Bilge Merve Aktas Entangled Fibres
An examination of human-material interaction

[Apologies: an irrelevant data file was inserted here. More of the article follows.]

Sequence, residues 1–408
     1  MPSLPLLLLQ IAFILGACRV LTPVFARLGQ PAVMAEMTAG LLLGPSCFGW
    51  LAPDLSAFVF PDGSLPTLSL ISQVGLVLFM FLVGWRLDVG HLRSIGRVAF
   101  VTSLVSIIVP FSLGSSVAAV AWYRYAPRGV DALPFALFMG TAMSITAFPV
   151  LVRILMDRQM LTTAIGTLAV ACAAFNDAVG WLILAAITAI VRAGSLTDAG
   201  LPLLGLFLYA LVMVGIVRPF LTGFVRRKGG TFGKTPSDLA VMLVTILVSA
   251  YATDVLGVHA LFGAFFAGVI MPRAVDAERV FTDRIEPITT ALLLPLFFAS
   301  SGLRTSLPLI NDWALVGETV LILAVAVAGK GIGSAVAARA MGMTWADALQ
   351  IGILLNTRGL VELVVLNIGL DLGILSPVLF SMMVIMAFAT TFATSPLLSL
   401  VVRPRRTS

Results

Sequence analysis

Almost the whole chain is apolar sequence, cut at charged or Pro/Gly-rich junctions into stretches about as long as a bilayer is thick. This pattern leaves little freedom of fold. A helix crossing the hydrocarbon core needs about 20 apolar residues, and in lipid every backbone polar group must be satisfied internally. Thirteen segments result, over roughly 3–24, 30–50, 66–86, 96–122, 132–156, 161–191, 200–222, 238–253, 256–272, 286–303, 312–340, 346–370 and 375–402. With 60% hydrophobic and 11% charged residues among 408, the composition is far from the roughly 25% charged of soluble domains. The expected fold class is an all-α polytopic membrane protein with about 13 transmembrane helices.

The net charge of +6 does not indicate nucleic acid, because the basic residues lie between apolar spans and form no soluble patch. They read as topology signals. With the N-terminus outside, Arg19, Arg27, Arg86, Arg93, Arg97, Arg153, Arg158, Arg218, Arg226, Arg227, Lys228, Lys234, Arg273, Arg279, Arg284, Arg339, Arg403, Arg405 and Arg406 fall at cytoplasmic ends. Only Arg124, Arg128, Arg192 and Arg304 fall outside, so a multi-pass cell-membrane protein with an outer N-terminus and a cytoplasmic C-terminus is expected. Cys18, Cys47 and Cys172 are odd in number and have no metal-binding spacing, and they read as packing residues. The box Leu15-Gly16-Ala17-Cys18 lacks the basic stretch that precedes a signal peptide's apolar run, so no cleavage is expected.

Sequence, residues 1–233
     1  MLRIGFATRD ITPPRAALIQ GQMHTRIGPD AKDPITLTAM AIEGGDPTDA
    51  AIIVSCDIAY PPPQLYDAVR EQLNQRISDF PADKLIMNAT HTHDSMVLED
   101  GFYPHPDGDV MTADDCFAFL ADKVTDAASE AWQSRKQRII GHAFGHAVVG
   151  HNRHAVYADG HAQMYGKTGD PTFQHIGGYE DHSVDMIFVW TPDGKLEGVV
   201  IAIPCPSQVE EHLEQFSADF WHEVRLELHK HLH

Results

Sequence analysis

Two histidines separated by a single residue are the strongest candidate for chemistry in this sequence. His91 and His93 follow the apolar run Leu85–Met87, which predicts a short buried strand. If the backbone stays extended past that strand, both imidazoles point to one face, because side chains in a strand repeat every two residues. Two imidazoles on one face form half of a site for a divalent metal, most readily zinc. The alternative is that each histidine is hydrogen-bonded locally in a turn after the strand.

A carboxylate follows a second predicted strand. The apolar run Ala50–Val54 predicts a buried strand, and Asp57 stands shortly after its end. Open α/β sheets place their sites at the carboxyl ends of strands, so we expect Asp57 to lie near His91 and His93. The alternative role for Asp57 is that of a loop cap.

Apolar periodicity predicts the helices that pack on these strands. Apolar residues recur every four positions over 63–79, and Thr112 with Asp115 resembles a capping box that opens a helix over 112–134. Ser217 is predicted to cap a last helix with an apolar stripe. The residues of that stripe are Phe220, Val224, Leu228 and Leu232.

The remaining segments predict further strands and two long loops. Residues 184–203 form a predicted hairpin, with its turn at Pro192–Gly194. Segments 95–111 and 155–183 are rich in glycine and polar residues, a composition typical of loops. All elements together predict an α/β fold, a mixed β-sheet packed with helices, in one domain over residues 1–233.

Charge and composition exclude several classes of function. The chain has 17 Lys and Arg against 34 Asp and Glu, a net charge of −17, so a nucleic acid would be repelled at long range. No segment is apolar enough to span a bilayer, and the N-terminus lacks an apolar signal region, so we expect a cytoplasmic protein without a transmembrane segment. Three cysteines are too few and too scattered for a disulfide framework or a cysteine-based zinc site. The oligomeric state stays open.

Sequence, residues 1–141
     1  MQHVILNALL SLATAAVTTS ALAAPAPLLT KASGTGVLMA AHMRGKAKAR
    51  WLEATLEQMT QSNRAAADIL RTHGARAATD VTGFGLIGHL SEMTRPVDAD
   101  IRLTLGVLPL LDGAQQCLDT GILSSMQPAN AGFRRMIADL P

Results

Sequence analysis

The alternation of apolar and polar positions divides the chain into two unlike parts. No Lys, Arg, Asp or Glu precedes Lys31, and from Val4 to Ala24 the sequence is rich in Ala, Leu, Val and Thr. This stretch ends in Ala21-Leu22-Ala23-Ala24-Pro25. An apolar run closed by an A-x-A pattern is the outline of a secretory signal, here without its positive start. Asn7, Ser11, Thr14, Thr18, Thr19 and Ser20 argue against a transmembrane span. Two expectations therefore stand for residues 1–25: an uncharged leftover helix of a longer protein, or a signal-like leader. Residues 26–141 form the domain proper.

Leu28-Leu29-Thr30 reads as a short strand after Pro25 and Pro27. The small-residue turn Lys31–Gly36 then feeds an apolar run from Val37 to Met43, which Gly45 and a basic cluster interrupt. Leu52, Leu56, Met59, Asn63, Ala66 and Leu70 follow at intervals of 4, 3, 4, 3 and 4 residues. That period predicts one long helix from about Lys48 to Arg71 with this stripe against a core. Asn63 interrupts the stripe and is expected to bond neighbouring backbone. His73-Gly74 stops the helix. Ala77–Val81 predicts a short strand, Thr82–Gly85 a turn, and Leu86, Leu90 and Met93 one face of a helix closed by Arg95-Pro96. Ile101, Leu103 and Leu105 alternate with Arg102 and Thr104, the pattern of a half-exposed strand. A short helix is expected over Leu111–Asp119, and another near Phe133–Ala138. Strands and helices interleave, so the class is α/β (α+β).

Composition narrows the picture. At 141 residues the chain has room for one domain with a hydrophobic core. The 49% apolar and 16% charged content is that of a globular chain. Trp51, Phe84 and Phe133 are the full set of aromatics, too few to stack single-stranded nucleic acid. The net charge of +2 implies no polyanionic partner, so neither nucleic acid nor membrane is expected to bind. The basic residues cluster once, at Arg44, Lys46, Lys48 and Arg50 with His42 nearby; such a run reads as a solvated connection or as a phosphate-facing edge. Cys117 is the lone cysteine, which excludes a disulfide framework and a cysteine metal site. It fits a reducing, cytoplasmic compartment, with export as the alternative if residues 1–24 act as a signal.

Material's role in making has been previously tackled to understand practices, objects, and society from multiple angles. Recent research on materials challenges prioritising human perception, experiences and needs while proposing that materials actively participate in everyday interactions and experiences through their embedded agencies. This research examines the active role of material within the context of design and craft-making. The main research question is: how does human-material interaction occur, and how does material actively affect the making processes? This examination is carried out through the case of felt making via four studies. The first study was conducted at expert craftspeople's studios and examined how through negotiation the material and the body become united during making processes. The second study examined the material in its own environment and at the design studio and focused on how material interactions affect ideation while making an artefact through a practice-led study on my own making process. The third study tackled how the early material engagements of novice makers might challenge their understanding of being with the world. By utilising first-hand experiences, this study challenged established human values to discuss coexisting with other entities in more responsible ways. The fourth study examined the field of felting and its material connections to reveal how material agency shapes the fluidity of the practice within the field.

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